“You might belong in Gryffindor,
Where dwell the brave at heart,
Their daring, nerve, and chivalry
Set Gryffindors apart;
You might belong in Hufflepuff,
Where they are just and loyal,
Those patient Hufflepuffs are true
And unafraid of toil;
Or yet in wise old Ravenclaw,
if you’ve a ready mind,
Where those of wit and learning,
Will always find their kind;
Or perhaps in Slytherin
You’ll make your real friends,
Those cunning folks use any means
To achieve their ends.”
– Sorting Hat, J.K. Rowling
Minus the telepathy, being diagnosed with a mental illness is similar to being sorted into a Hogwarts house in many ways. Both are defined through an understanding of the general characteristics of the disorder/house. Obviously, the Diagnostic and Statistical Manual of Mental Disorders (DSM-5) is slightly more scientific than the sorting hat but the impact is similar. Also, both can be incredibly stressful.
Through a series of questions (or mind-reading), the psychiatrist’s (or sorting hat’s) discretion, and your life experiences, you are given a diagnosis (placed in a house). One of the benefits of being diagnosed/ sorted, is that you are able to identify with others with the same label. Ideally, this helps you to understand yourself better and feel the support of a community.
1. However, just because you were diagnosed/ sorted a particular way doesn’t mean that’s the only label you carry. Harry Potter is much more than a Gryffindor, just like I am much more than my PTSD. This is just one of the many ways I define myself. I am also a woman, a daughter, a sister, an academic, a leader, a vegan, and a yogi.
2. Individuals with the same diagnosis/ house may look and behave differently. Harry, Ron and Hermione are wildly different from one another, despite being Gryffindors. Likewise, I may look bigger or smaller than someone else living with an eating disorder. It’s my actions that determine my eating disorder, not my weight. Also, there can be differences in the actions themselves (binging, purging, restricting, etc.).
3. Your family influences your diagnosis/ house. Malfoy was destined to be Slytherin just as Ron was to be Gryffindor. Many mental illnesses have genetic and environmental influences and often, mental illness runs in the family. That being said, this is not a guarantee and there are exceptions (despite his family history, Sirius Black was sorted into Gryffindor).
4. And just because someone is diagnosed/sorted to a house, doesn’t mean that they match the stereotype. Not all Slytherins are destined for darkness just like not all those diagnosed with schizophrenia are violent (although statistically, there are many more evil Slytherins than there are violent individuals with schizophrenia). Making assumptions about someone’s entire character based solely on their diagnosis is stigmatizing.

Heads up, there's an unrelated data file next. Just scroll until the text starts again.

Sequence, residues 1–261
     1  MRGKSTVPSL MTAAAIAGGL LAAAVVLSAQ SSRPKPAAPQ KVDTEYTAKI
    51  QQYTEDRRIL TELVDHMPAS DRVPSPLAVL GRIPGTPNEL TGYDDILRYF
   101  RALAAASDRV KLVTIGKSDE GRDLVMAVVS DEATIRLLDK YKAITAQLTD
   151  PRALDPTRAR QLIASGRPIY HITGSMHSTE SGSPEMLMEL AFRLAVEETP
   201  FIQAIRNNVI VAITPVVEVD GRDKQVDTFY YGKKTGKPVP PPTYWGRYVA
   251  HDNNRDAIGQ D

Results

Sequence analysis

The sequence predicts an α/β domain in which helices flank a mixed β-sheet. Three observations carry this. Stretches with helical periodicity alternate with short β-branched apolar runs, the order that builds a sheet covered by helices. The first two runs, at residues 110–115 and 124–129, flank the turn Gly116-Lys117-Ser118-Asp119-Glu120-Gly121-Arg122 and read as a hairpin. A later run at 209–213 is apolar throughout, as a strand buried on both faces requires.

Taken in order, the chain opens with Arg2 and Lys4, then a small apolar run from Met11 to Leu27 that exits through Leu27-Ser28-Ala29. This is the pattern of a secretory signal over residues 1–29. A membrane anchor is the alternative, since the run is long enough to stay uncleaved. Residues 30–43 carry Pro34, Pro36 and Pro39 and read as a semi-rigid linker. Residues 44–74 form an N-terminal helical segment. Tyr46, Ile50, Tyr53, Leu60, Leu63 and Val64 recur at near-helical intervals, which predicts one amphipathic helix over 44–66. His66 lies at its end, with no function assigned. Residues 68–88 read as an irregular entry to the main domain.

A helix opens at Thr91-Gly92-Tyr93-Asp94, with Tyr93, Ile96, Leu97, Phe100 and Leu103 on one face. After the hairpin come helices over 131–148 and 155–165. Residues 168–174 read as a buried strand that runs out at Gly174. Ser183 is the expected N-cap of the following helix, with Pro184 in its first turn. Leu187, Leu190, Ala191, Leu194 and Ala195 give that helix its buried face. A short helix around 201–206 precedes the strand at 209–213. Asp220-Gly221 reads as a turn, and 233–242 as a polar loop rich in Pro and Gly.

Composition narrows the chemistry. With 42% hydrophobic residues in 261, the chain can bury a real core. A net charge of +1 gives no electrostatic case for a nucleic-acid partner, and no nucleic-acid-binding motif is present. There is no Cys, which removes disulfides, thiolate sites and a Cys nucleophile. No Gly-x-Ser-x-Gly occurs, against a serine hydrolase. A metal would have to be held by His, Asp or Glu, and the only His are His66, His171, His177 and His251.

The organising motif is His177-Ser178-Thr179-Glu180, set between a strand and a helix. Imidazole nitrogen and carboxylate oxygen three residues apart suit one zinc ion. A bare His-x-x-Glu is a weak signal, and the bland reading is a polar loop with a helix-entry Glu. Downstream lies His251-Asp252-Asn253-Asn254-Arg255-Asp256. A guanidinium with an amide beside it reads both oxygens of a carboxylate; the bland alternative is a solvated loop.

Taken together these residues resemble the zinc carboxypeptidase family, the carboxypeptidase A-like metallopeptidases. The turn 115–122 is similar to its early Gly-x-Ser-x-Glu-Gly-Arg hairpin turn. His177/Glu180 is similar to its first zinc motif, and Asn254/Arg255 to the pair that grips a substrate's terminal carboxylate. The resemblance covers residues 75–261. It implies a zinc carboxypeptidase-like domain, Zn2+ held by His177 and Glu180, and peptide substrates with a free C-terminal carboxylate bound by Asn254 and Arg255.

5. Finally, nothing is perfect. There is subjectivity in being diagnosed and sorted. It is possible to sway the DSM-5 just as Harry swayed the hat. Although the DSM-5 doesn’t explicitly take into account individuals’ beliefs, it can be influenced by them. The results should be provided by a trained professional (psychiatrist or psychologist/ sorting hat) and be interpreted with care.
It is important to remember that no one house is “better” than the other, just like no diagnosis is better than the other. If you have been recently diagnosed and are struggling to manage this new part of your identity, reach out for help. In my experience, most mental health professionals are much more supportive than Percy Weasley.
Ashna is the author of the blog, Resilience Diaries. She is a Master’s student at the University of Toronto and a Brand Ambassador for Wear Your Label, a company that uses clothing to create conversations around mental health. She hopes to become a Pediatrician and to help end the stigma around mental health. She is an expert in self-care and all things Harry Potter. Her favourite #SelfCareSunday routine involves her bed, coffee, and a whole lot of Netflix. You can follow her on Instagram at: @ashnak_22